The View From A Hand-Held Device
If you only view pictures on a cell phone, you only see a few pixels so none of this matters. But if you want to be able to see details in a large picture, perhaps print it, you need to consider just how many pixels the picture should contain.
Sensor Size Matters
This picture shows some common sensor sizes. A Nikon D850 camera has a full frame sensor, an Apple iPhone 5 uses a 1/3.2″ sensor. There are smaller sensors (e.g. a 1/3.6″ sensor is 4.00 x 3.00 mm) and larger sensors (e.g. a Fujifilm GFX 50S camera sensor is 43.8 x 32.9mm).
Larger sensors produce better quality images. For a complete explanation, check out this article on sensor formats.
The calculations below are done in inches (1″ = 2.54 cm) because printer resolutions are typically quoted in pixels per inch (ppi).
Optimal Viewing Distance
You calculate the required resolution in two steps: first figure out how close the viewer will be to the picture, then figure out the size of pixels a person can see at that viewing distance.
The closer a viewer is to the picture, the higher resolution is required. Pixels that are not visible when you stand far from the picture are very visible when the same pixel size is used on a cell phone.
People hold tiny pictures (e.g. on a cell phone) close to their eyes, but stand further back to view a large picture.
How far away is the viewer? The common rule of thumb is that viewing distance should be 1.5 to 2 times the diagonal length.
Example: A 20″ x 30″ picture has a diagonal of 36″ which gives a viewing distance of 54″ to 72″.
Optimal Viewing Distance of Panoramas
How does this apply to large printed panoramas? Let’s say you are printing a picture to be 120″ long and 17″ high. The standard calculations suggest a minimum viewing distance of 180″, about 15 feet or 5 metres. This is not how people view panoramas. They may stand back to get a general feeling for the picture, but then they move in and look at the story being told by different parts of the picture.
My working theory is that when picture height is much smaller than the width, people move in closer to view a chunk of the panorama whose width is about 1.6 (golden ratio) times the height. If the height is 17″, viewing distance will be 48″, regardless of how wide the panorama is.
Even this is too far. A really wide picture gives an invitation to move from 180″ to 48″. But a picture that is rich in details extends the invitation to move in closer and closer to see the detail.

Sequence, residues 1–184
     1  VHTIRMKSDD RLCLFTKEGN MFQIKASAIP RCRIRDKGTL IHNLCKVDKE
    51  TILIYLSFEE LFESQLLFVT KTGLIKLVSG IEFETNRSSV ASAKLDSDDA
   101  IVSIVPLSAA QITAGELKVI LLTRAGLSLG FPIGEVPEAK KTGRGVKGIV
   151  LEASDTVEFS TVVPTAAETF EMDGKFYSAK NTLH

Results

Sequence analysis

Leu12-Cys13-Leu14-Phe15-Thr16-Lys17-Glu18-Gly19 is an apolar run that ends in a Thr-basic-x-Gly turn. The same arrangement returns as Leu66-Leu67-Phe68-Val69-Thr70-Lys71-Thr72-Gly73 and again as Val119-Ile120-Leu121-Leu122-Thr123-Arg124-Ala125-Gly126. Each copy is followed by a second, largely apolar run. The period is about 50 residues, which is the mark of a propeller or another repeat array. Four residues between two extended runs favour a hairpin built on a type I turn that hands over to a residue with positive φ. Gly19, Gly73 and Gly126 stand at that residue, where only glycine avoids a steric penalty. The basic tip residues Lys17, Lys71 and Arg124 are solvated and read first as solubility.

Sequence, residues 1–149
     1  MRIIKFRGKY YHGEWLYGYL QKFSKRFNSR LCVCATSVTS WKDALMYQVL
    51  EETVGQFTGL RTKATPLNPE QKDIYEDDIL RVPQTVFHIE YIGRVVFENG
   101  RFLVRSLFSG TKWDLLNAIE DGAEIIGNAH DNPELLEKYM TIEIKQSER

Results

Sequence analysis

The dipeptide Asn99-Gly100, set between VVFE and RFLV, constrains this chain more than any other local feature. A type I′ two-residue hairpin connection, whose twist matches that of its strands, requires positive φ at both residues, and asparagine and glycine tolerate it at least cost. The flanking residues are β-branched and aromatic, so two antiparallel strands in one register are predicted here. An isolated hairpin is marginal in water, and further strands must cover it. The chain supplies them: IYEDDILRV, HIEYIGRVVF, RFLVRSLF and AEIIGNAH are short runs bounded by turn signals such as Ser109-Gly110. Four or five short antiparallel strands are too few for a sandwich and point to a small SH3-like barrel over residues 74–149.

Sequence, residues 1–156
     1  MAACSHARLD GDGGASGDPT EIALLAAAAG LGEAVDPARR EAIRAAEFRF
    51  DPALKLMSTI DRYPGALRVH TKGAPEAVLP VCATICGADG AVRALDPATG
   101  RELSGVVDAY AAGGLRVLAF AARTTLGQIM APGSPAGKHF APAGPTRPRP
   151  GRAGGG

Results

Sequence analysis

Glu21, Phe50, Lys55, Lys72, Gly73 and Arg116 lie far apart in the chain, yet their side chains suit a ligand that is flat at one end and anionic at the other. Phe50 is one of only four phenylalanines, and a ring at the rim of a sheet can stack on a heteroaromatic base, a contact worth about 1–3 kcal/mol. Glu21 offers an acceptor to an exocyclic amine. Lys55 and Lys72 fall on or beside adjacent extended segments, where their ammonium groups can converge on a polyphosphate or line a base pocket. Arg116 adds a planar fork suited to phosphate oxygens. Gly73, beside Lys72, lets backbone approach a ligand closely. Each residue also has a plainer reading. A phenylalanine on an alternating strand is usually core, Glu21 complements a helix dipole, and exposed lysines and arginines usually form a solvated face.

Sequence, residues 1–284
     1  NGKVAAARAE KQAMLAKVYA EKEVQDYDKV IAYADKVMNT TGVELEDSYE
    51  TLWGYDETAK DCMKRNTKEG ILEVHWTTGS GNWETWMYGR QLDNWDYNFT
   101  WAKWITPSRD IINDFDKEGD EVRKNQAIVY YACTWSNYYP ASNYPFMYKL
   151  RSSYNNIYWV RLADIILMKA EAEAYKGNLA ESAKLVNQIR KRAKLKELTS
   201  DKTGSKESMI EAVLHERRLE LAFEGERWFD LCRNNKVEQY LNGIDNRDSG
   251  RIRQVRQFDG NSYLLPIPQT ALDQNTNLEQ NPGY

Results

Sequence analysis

So you have the odd result that a large detailed panorama may have a very short viewing distance. Our example 120″ x 17″ picture may well have a viewing distance of 24″ (60 cm).
For the image to look good at the chosen viewing distance you need the pixels to be small enough to fool the viewer into seeing a smooth, not pixellated, image.
Knowing a bit of biology (the visual acuity angle of human eyes) and applying a bit of math, you can show that the minimum required pixels per inch (ppi) = 3438 / viewing distance.
The minimum pixels per inch (ppi) needed for a print with acceptable quality is calculated by dividing the value 3438 by the viewing distance. Anything above this ppi will look good at the distance chosen.
The crowd of people viewing your picture may force some closer than the optimal viewing distance, or a viewer may just want to look closer at some particular detail. Also, if the image is mounted under glass, the glass blurs things a bit, so a bit more resolution can help clarify the image. So you should definitely print at more than the minimum ppi.
Example: The following table shows some viewing distances, and the corresponding pixels/inch. The doubled ppi numbers give you an extra level of safety for people who want to move in very close.
|Distance||ppi||2 x ppi|
At the low end of distance, the high end of pixel count is at the limit of what human eyes can distinguish: around 200 to 300 ppi. High resolution computer displays (Apple calls them Retina Displays) have resolutions in that range.
If your image has enough pixels that you can print at 300 dpi (ppi) or more, you cover all viewing distances. If your image doesn’t have enough pixels to produce the size of image you want, you can reduce the printing resolution based on the expected viewing distance.
In laboratory conditions, you can extract about 6K x 4K resolution (24Mpixels) from a 35mm film image. In practice, if you have old film, you can get about half that, perhaps 4K x 3K: family photos were not shot with high quality cameras, and did not have vibration removal technology, so other factors overwhelm the issue of the granularity of silver halide crystals which is the limitation that lab experiments assess.